Post-Roe Era Tests Abortion Laws Worldwide

As abortion comes under fire in the United States, some countries have taken a stance toward expanding access

by Mariel Ferragamo
June 5, 2024

As nations around the world have expanded access to reproductive health services, the quality, accessibility, and safety of abortion care has improved, as has maternal health. International authorities have called abortion a crucial aspect of health care. 

Still, opposition to abortion remains strong in parts of the world, especially in the United States. When the United States overturned the right to abortion in 2022, the ruling rattled the nation. Yet the moment spoke to the country's paradoxical and pendulous history with abortion. Even though the United States permitted the practice for decades within its own borders, it has long restricted funding for abortion care abroad.


U.S states are already collecting more abortion data. And HIPAA won’t always keep it private.

JUNE 1, 2024

Years before the Dobbs decision that struck down U.S. constitutional abortion rights, providers like Dr. Kylie Cooper were already uncomfortable with some of the reporting requirements for abortion procedures in states where they practiced.

Cooper was a maternal-fetal medicine specialist for several years in Idaho before she reluctantly left the state in 2023 because of the near-total abortion ban that is now in place. But when abortion was still legal, she was required to fill out a form and submit it to the state with information about the patient and the procedure, including the physician’s name and when it occurred. While the law said that the information would be aggregated and could not identify individual patients, Cooper never felt sure about how it would be used or how secure the data would be kept.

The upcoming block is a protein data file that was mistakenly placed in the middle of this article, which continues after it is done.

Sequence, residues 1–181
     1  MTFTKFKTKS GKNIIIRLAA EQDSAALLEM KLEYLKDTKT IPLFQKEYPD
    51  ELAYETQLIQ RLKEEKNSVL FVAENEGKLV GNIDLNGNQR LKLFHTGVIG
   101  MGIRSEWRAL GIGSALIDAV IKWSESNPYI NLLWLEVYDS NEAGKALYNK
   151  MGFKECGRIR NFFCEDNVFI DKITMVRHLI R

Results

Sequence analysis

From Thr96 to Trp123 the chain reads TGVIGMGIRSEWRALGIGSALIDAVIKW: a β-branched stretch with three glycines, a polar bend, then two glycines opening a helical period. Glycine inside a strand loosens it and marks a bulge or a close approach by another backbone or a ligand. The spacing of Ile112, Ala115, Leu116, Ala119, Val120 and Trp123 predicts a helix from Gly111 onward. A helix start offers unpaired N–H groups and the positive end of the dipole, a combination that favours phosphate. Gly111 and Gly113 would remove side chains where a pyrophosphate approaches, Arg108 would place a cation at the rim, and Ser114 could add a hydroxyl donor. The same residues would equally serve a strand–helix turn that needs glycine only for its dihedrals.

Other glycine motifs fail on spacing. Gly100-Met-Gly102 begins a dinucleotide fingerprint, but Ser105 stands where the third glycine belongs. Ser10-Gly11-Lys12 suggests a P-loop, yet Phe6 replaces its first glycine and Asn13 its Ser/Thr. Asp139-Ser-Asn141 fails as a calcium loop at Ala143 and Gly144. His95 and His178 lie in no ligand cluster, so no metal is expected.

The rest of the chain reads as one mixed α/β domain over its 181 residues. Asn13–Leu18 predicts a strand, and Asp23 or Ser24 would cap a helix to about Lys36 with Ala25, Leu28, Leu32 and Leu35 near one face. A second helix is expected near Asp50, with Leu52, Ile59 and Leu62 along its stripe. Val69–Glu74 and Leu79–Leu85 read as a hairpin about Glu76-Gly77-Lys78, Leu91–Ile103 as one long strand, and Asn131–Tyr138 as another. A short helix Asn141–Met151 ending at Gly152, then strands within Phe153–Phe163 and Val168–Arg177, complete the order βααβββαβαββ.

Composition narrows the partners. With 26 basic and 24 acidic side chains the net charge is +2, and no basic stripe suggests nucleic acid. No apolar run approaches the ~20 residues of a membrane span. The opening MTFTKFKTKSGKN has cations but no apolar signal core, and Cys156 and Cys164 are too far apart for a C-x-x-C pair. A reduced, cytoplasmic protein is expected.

How a Trump win could hurt abortion access around the world

Countries from Ethiopia to Nepal felt the pinch on reproductive health during Trump's first term. What would a second bring?

David Sherfinski
May 30, 2024

RICHMOND, Virginia - This year's election between President Joe Biden and his Republican opponent Donald Trump threatens to upend abortion access and reproductive health services far beyond the United States.

Anti-abortion advocates are already drawing up plans for Trump to reinstate and expand funding restrictions on overseas groups that critics say disrupted reproductive health services like access to contraception in countries from Kenya to Nepal during the former president's four-year term.


We need to talk about how U.S. policy is sabotaging reproductive rights in Africa

A controversial US policy is jeopardizing family planning services and fueling a maternal health crisis in Ethiopia and Uganda.

By Annabel Rocha
May 20, 2024